In Ways of Looking at a Woman, a book-length essay that interweaves memoir with film and literary history, Caroline Hagood assumes the role of detective to ask, what is a “woman,” “mother,” and “writer”? By turns smart, funny, and poignant, Ways of Looking at a Woman is a profound meditation on the many mysterious layers that make up both a book and a person.
“Caroline Hagood’s Ways of Looking at a Woman is a profoundly unique and honest piece of work, somehow executed with an astonishing lack of ego. She will break your heart with her naked sincerity; a masterful, singular writer who sheds light with every page.”
“This book is for the poetry lovers whose brains have gone fractured after childbirth, fractured by love and focus and television and books, every influence jostling for precious space. Is this a poem? Is it a memoir? Is it a book on art and motherhood and love? Yes. I’ll shelve it next to Maggie Nelson, on the shelf marked Necessary.”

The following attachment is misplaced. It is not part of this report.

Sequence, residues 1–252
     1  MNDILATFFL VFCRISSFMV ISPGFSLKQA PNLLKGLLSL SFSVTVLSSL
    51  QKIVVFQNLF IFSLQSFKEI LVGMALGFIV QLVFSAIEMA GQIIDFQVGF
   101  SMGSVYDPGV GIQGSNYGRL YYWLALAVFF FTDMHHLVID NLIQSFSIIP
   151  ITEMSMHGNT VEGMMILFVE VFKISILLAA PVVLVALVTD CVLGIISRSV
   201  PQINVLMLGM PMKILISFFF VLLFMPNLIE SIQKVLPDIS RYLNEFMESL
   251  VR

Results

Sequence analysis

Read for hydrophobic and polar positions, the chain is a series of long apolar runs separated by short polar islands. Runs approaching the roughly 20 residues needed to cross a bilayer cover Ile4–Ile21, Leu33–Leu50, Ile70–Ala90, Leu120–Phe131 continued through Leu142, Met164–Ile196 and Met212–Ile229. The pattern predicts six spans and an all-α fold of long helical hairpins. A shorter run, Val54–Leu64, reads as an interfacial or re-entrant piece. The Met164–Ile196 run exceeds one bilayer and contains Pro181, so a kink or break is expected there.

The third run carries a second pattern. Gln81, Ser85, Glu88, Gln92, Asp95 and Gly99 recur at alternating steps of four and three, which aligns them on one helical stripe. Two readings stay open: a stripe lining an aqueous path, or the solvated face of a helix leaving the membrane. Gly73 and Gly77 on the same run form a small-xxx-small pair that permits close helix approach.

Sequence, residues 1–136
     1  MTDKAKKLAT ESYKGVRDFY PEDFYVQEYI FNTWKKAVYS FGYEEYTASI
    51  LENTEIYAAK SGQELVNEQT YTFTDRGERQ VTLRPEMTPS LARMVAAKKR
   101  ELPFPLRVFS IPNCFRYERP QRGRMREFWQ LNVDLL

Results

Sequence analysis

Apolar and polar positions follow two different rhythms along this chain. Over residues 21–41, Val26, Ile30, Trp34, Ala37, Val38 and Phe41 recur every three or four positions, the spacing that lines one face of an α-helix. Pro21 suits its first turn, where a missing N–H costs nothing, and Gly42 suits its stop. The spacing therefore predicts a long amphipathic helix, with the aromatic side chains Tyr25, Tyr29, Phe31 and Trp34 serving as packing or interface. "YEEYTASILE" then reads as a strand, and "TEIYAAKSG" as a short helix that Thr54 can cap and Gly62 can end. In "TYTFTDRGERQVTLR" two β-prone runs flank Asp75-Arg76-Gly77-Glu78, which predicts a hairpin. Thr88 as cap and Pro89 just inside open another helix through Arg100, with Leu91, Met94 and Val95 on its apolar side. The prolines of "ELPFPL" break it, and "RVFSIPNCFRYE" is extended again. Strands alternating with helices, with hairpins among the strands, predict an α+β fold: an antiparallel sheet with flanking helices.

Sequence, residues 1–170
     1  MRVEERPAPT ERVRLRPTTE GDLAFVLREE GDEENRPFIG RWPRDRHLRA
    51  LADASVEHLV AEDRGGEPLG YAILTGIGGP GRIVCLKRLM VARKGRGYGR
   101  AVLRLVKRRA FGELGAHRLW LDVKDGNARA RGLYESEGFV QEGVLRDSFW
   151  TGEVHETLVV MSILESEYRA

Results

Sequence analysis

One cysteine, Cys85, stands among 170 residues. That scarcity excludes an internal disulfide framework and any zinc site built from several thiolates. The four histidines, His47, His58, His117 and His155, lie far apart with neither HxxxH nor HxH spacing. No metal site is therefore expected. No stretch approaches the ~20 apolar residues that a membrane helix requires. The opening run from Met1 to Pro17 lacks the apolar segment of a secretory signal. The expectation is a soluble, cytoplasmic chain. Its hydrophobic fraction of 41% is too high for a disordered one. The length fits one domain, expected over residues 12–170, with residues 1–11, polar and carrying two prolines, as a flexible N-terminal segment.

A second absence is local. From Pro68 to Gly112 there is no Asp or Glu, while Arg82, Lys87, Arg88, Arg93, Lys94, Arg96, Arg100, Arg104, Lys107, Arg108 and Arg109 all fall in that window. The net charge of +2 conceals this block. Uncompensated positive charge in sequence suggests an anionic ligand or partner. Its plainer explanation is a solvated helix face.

“Caroline Hagood's critical eye is somehow both cool and passionate, and she uses it freely, beautifully, to gift readers a riveting portrait of a mind at work. Referencing high and low culture, family, academic syllabi, and most importantly, her body, Hagood has made something entirely new and all her own.”
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